Catherine Cohen’s official line of work is, in her own words, being “a beautiful comedian slash dumb slut without a primary care doctor”.
She is also a singer, a podcaster, an over-sharer, a New Yorker, an anxious hypochondriac, an aspiring movie star, an attention seeker, an agony aunt, a writer, a “Bernie bitch”, a style icon, and, needless to say, a chronic overachiever. Her live comedy show comprises a self-deprecating, Carrie Bradshaw-confessional cabaret — in the literal, musical sense — as hilarious as a show-reel of viral tweets and as intimate as a heart-to-heart with a close friend.
At 28, Cohen is pioneering a new style of comedy and rapidly establishing herself as a definitive millennial voice. Her podcast Seek Treatment, which she co-hosts with best friend and fellow comedian Pat Regan — “truuuly my soulmate, no one makes me laugh like him”, she purrs down the phone — has amassed a cult following.
The podcast concerns “boys, sex, fucking, dating and love” and is absurdist as well as relatable. Much of its humour derives from the unique language in which Cohen and Regan communicate (largely based on exaggerated appropriations of millennial girlhood — see “randomista” — and the undeniable hilarity of vowel sounds). Their distinctive cadence has rippled through the comedy world, as New York pop culture writer Julia Gray noted recently in Nylon magazine.
Cohen met Regan on the comedy scene in New York. After a childhood in Houston (when she learned to sing and was involved with musical theatre) and an English degree at Princeton (a place that excited Cohen so much she sacrificed any ambition to study at theatre school), Cohen moved to New York in 2013 and started doing stand-up.
Three years later, she found she was missing singing when she met Henry Koperski, who would become her song-writing partner and pianist. The partnership helped her find her artistic voice. “The second we got together, it just really clicked,” she tells me. “It felt like I was doing the right thing.”
In the early days in New York, Cohen worked as a waitress, babysitter, exam tutor and at a theatre as she grafted to make her name in comedy. It has paid off: her regular slots in New York, at Joe’s Pub every month and Club Cumming every week, have given way to national and international shows.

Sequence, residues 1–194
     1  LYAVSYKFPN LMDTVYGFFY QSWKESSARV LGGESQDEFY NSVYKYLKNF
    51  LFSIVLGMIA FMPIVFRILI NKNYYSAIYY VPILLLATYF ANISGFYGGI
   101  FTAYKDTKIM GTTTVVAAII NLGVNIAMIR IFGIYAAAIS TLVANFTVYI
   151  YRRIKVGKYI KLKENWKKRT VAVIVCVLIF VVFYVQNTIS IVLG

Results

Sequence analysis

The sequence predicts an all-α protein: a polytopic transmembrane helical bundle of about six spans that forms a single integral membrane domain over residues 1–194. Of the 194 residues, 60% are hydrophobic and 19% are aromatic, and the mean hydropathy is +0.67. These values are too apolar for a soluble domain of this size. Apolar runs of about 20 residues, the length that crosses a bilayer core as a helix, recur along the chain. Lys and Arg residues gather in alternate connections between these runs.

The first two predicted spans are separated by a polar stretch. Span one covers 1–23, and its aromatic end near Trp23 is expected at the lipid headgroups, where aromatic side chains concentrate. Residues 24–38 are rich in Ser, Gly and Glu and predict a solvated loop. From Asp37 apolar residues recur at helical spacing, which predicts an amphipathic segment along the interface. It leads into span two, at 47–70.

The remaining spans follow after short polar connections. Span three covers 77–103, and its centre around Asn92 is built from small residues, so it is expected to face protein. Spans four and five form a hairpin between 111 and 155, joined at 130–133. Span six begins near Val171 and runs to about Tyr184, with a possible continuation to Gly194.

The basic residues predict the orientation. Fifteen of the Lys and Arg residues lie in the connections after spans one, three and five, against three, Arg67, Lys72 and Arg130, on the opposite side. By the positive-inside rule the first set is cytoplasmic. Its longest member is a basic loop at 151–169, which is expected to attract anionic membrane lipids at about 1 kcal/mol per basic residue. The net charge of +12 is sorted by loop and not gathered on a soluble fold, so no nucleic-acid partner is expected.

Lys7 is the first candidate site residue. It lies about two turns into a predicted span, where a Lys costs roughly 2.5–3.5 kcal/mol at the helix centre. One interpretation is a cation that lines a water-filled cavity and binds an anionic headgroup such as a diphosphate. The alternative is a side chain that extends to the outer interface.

In 2019, she did a 28-day run of her show “The Twist…? She’s Gorgeous!” at Edinburgh Fringe, her proudest achievement and “the hardest thing I’ve ever done”. This week she will perform the show for the second time in London, a double run to a sold-out Bush Hall and an added slot at Soho Theatre.
Cohen’s comedy undeniably appeals to the insatiable millennial appetite for relatability. She cites familiar faces — Lena Dunham, Jenny Slate, Amy Schumer — as inspiration; in her best-known song “Look At Me”, she sings cheerfully: “Boys never wanted to kiss me, so now I do comedy.” But for Cohen, the instinct to overshare runs deeper than following a trend. In her live show, on Seek Treatment and on social media, she has a penchant for sharing intimate details of her life.
“I find I can’t keep stuff to myself,” she says. “It makes me feel better to talk about my problems. The fact other people identify with them just means I’m glad it’s doing something for someone besides myself.”
Cohen is always the butt of her own joke. Again, this makes sense. Her style is inextricable from the memeable, ironically self-obsessed humour of social media. But it is also indicative of who she is as a person. “I just feel like kindness is everything,” she says. “Coming up in this community, I’ll never forget how older, more experienced comedians were nice and thoughtful. It’s so easy to be that way. I would never want to say anything that would hurt anyone but me.”
As well as being willingly open about more serious concerns — problems with her vocal health, quitting Prozac because she couldn’t orgasm, an overwhelming sense of her own morbidity — on Seek Treatment, Cohen is frequently confessional about a worry that she is not being funny (a worry shared by Pat Regan; they reassure each other earnestly). “I just think being funny is the best thing you can be. It’s like, everything else sucks,” she says, then laughs darkly.
Offhandedly, she reasons that she is “probably terrified of being serious because it would make me less interesting”. But seriousness is acceptable to her when she is acting: an area where her ambitions are formidable. When she says she is going to “win an Oscar for a period piece in which I wear, like, a corset”, it is only half a joke, and she is steadily accumulating a portfolio of small parts in TV shows including Broad City, as well as developing her own TV series to star in.
Underlying Cohen’s flamboyance and rawness is a deep determination. She rationalises her childhood ambition in characteristically sardonic tones. “I was a church girl in Texas who wanted to get the fuck out because she thought she was smarter than everyone.” She pauses. “And I didn’t feel like people knew what a star I was!”